Prosecutors clear white police officer over Jacob Blake shooting in Wisconsin
By Brendan O'Brien KENOSHA, Wisc.
By Brendan O'Brien
KENOSHA, Wisc. (Reuters) - Prosecutors on Tuesday cleared a white police officer in the Aug. 23 shooting of Jacob Blake, a Black man, in Kenosha, Wisconsin, an incident that touched off deadly street protests and inflamed racial tensions in the United States.
Kenosha County District Attorney Michael Graveley found that police officer Rusten Sheskey acted in self-defense and said he would not issue any charges in connection with the incident.
The decision neither to prosecute Sheskey nor the two other officers on the scene could incite more demonstrations, which have frequently broken out in the United States in recent years after police have been cleared of wrongdoing in shootings of African Americans.
During a police intervention in a domestic dispute that was captured on cellphone video, Sheskey shot at Blake's back seven times from close range as Blake opened the door of his car, striking him four times and paralyzing him from the waist down.
Officials said Blake was armed with a knife and refused police commands to drop it, which Graveley said gave Sheskey the right to self-defense.
"It is absolutely incontrovertible that Jacob Blake was armed with a knife during this encounter," Graveley said, adding that Blake admitted several times to investigators he had the knife.
The police who were called to the scene had been told there was a felony arrest warrant against Blake for domestic abuse and sexual assault, Graveley said. The officers attempted to detain Blake and stop him with a Taser multiple times, but Blake withstood the use of force to avoid arrest, Graveley said.
The knife was not clearly visible in the video, which also began after the previous attempts to arrest Blake, Graveley said.
Blake's lawyer, Ben Crump, has said Blake was attempting to break up a fight when he was shot in front of three of his sons, aged 3, 5 and 8. Blake's lawyers were due to speak at a press conference later on Tuesday.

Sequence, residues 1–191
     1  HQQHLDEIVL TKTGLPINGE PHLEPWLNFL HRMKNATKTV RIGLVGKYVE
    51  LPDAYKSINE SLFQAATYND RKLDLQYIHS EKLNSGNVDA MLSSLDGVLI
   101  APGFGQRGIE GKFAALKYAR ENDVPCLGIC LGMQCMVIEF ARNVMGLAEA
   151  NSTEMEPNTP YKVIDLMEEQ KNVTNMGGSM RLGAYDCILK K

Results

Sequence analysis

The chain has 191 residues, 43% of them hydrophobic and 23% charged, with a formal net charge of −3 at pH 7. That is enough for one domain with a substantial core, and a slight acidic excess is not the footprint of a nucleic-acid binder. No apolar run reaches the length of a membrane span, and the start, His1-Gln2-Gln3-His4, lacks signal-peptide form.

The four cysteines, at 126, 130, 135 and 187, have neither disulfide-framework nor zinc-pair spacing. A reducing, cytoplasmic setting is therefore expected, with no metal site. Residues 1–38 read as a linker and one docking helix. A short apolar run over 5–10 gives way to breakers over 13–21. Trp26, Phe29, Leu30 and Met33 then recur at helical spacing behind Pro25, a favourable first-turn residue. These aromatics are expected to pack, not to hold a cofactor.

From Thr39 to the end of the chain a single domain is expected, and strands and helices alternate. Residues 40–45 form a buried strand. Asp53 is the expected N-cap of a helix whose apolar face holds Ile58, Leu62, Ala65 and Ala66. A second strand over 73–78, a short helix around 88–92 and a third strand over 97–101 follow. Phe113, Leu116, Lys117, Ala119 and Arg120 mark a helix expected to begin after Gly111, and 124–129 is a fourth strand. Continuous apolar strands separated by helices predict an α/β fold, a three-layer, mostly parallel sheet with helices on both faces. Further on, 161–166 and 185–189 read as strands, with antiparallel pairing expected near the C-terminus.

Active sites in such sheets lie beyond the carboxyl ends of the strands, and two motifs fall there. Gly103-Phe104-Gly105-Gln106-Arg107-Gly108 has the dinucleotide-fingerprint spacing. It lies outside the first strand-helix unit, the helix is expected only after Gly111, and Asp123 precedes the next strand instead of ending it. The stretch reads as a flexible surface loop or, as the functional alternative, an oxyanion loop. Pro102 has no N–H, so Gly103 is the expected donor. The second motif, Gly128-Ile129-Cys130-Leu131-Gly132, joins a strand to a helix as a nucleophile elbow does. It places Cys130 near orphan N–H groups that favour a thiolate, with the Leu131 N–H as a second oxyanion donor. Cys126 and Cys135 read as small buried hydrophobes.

The shooting took place while passions were still inflamed over the May 25 death of George Floyd, a Black man, after a white Minneapolis police officer knelt on his neck. Thousands took the streets in "Black Lives Matter" anti-racism protests in the United States and around the world following Floyd's death despite the coronavirus pandemic.
The Sheskey shooting of Blake attracted a mix of civil rights demonstrators, anarchists and right-wing militias to the streets of Kenosha, a city of 100,000 people about 40 miles (65 km) south of Milwaukee.
At the height of those protests, teenager Kyle Rittenhouse opened fire with a Smith & Wesson M&P 15 rifle, killing two men and wounding another. Rittenhouse, now 18, was charged with first-degree reckless homicide and five other criminal counts.
Earlier on Tuesday, Rittenhouse pleaded not guilty to all counts in an appearance by video in Kenosha County Circuit Court.
As the charging decision against Sheskey neared, the city of Kenosha announced it was making preparations for demonstrations. Responding to the request of local officials, Wisconsin Governor Tony Evers authorized the Wisconsin National Guard to support local law enforcement in anticipation of unrest.
Kenosha Mayor John Antaramian and Police Chief Daniel Miskinis said in a statement on Sunday that officials would impose curfews, designate an area for demonstrations, section off areas with fencing and close streets.
(Reporting by Brendan O'Brien; Additional reporting by Gabriella Borter; Writing by Daniel Trotta; Editing by Rosalba O'Brien and Grant McCool)
This story has not been edited by Firstpost staff and is generated by auto-feed.
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